This community reality of the early days made the ‘Stories of Becontree’ project focus on uncovering personal and family stories and exploring the urbanization and transformation of the Estate’s community spaces along the years. The aim was to record the life of the past to create a legacy for the local community in Dagenham in a drive to inspire people to act together and constructively and improve their life of today. Due to the high levels of deprivation and illiteracy among population in Barking and Dagenham (this borough has the lowest average income in London Metropolitan Area), I decided to adopt an oral history approach and to capture the stories through the medium of film to reach the local people.

Catch22 run the project between July and September 2013. Initially, 15 young people aged 14-19 living in different wards of the estate signed up and most of them (12) were committed for two months to participating to the programme. In addition to our community focus, the support of volunteers and the participation of young people from disadvantaged backgrounds added more value to our project. Recruited or referred by a wide range of agencies (youth crime prevention services, social care agencies and targeted school units and colleges) young people became part of the group on a first come first served basis and the project was aided by an appointed film-maker and four volunteers who took on marketing, outreach and accreditation roles. The project formed and delivered a range of opportunities and activities for different ages to get involved in their heritage.

  1. Using collections, archives and historical resources.

Working in close partnership with UCL’s Information Studies Department, Borough’s Archives and Local Studies Centre in the Valence House Museum, the project provided a bespoke four-day training as a course accredited through Trinity College and leading to an Arts Award Qualification. Young trainees had direct access to the archives and museum collections and developed research and interviewing skills with the support of PhD researchers and experts in community archives, oral history, film studies and the use of digital technologies in engaging the public in community heritage. The team worked at the museum from the first day (having an introduction and a tour guided by the then borough archivist Tahlia Coombs) and spent a full day at the archives to provide young people with an opportunity to access historical material related to Becontree Estate, familiarize with different places and locations and create portfolios of past photos. The People and Communities Gallery at Valence House Museum has a reconstructed Becontree Estate kitchen and living room along with photocopies of house plans, local newspapers, maps, photographs and a small cinema showing a rotating series of films about Becontree Estate (created by the Dagenham Co-Operative Film Society) that were all used as training resources. The delivery of the training sessions at the Valence House really helped remain strong commitment from the young participants due to its proximity to Dagenham. It also ensured high quality of arts and learning provision throughout the three months of the project. Also, the workshop focused on oral history helped young learners put in practice interviewing skills, practicing spontaneous questions over the material and raising confidence while keeping records of these questions, their research process and personal notes.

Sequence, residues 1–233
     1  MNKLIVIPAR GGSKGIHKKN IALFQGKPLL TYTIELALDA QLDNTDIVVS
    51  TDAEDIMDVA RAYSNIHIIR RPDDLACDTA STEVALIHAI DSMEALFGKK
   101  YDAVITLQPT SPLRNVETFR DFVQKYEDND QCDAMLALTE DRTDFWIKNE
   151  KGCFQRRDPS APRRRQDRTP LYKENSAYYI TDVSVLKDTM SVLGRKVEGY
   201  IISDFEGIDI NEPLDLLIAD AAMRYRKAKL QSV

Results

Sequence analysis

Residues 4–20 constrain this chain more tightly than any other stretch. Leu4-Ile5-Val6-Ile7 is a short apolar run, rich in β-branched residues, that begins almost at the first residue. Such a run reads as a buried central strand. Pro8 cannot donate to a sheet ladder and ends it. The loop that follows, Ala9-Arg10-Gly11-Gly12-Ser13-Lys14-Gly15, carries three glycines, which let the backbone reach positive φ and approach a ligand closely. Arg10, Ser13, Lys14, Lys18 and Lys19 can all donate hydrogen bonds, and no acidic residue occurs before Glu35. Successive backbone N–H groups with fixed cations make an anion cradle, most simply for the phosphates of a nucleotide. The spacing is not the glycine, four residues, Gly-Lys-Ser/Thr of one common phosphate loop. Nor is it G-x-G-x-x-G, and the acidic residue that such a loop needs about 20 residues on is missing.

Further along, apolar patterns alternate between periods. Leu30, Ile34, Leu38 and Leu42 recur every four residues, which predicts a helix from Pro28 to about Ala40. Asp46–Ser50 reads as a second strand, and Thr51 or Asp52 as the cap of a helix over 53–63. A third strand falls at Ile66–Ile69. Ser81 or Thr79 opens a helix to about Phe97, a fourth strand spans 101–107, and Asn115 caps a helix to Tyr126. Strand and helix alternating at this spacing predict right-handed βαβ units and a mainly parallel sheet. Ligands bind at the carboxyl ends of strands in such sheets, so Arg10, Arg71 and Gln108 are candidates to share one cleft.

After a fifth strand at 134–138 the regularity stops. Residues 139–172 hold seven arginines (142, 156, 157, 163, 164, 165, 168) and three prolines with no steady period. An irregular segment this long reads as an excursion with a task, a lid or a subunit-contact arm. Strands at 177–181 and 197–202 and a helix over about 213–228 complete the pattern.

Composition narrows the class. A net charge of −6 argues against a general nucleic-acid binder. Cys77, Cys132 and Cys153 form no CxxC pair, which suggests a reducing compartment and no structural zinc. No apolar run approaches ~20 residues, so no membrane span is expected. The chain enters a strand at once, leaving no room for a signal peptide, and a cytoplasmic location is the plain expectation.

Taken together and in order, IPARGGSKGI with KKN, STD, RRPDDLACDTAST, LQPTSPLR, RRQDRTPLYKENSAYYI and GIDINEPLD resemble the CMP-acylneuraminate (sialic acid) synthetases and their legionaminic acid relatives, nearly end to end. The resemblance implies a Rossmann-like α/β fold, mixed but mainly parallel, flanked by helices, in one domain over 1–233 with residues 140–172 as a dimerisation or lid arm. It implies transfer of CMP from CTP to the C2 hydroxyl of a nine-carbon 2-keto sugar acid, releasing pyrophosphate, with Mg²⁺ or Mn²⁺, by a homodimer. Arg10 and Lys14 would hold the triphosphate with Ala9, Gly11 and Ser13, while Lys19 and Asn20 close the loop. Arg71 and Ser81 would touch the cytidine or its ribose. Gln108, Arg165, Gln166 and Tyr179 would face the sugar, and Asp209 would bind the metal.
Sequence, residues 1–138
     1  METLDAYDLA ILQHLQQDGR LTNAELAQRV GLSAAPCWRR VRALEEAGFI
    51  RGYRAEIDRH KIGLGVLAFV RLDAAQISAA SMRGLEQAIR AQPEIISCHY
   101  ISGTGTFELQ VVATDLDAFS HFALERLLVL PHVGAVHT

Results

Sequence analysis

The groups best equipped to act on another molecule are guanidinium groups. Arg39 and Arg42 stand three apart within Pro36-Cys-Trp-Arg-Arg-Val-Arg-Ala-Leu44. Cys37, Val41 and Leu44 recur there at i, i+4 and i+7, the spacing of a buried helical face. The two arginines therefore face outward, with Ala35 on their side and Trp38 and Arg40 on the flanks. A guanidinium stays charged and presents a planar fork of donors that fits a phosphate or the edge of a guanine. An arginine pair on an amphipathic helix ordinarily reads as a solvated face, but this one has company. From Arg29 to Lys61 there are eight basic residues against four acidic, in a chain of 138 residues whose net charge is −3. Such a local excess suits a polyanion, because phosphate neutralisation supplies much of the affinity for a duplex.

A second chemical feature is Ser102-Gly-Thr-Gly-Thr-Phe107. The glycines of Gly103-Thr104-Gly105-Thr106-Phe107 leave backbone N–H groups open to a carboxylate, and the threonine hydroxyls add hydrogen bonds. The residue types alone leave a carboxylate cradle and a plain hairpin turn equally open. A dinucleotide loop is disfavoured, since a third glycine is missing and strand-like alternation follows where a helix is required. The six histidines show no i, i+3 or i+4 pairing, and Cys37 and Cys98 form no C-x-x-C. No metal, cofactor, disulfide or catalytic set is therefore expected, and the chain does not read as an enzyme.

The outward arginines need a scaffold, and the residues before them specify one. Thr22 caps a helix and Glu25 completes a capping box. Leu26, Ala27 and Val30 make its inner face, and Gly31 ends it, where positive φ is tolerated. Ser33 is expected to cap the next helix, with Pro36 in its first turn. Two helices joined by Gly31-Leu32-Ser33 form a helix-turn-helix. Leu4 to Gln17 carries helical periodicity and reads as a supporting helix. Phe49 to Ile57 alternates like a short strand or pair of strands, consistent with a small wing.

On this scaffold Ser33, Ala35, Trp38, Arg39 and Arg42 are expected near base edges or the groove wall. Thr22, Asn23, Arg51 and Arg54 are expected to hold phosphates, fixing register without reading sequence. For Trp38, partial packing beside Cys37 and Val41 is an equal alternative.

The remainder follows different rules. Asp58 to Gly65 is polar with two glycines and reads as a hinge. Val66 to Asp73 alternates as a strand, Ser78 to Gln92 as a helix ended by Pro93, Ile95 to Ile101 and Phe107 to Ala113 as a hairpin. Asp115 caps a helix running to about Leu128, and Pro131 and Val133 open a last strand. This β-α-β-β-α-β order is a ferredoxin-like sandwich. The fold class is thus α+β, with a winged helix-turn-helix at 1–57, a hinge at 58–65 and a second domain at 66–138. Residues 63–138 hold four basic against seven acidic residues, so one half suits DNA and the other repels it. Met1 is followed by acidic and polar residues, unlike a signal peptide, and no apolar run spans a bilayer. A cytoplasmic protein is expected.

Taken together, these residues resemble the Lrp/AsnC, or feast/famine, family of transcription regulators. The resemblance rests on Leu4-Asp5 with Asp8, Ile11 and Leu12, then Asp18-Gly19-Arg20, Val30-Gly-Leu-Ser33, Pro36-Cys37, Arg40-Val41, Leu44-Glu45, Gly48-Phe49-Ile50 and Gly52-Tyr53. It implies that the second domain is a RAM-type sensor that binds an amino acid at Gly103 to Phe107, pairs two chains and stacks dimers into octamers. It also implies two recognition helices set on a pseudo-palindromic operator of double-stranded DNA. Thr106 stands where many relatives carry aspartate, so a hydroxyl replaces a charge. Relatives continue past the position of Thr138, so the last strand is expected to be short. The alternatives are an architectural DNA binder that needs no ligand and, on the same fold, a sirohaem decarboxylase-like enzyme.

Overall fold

1. Talking to elderly people and holding sessions exploring people’s memories

With young people trained and ready to interview, we organised the reminiscence event “Tea and Tales about Becontree” at Valence House to explore the past and talk to older generations and so unfold their life histories. Through local press coverage, social care homes and outreach work, 19 elderly residents of the Becontree estate (average age was 81 years) attended the event. We used a range of techniques, including old snapshots of young people’s portfolios, objects from the museum itself and people’s objects with personal meaning relating to this area (requested in advance with a letter) to get them on board and trigger their memories. This variety of methods provided valuable channels to help them remember, explore and give voice to their stories, as the majority of them were coming from very poor, working class communities and they were not familiar with these kinds of activities. A broad range of memories came to life during the reminiscence session: the heroes who returned from the war and found homes to live, the greenery surrounding their homes, the overflow in the estate, football memories, the pubs, social events and the bandstands in the local parks, Mahatma Gandhi’s visit to Kingsley Hall, the tough winter in 1962. Young people were part of the reminiscence session listening to the first stories and speaking to older participants and deciding on the older person they would like to interview. Bringing the generations together broke down barriers between different ages and enabled them to develop relationships in a creative and respectful environment before the home interviews. All participants had a meal together in the Oasis Café in the museum’s Visitor Centre to create a memorable bridge for connecting younger with the estate’s older residents and build on physical and mental wellbeing and a stronger sense of community.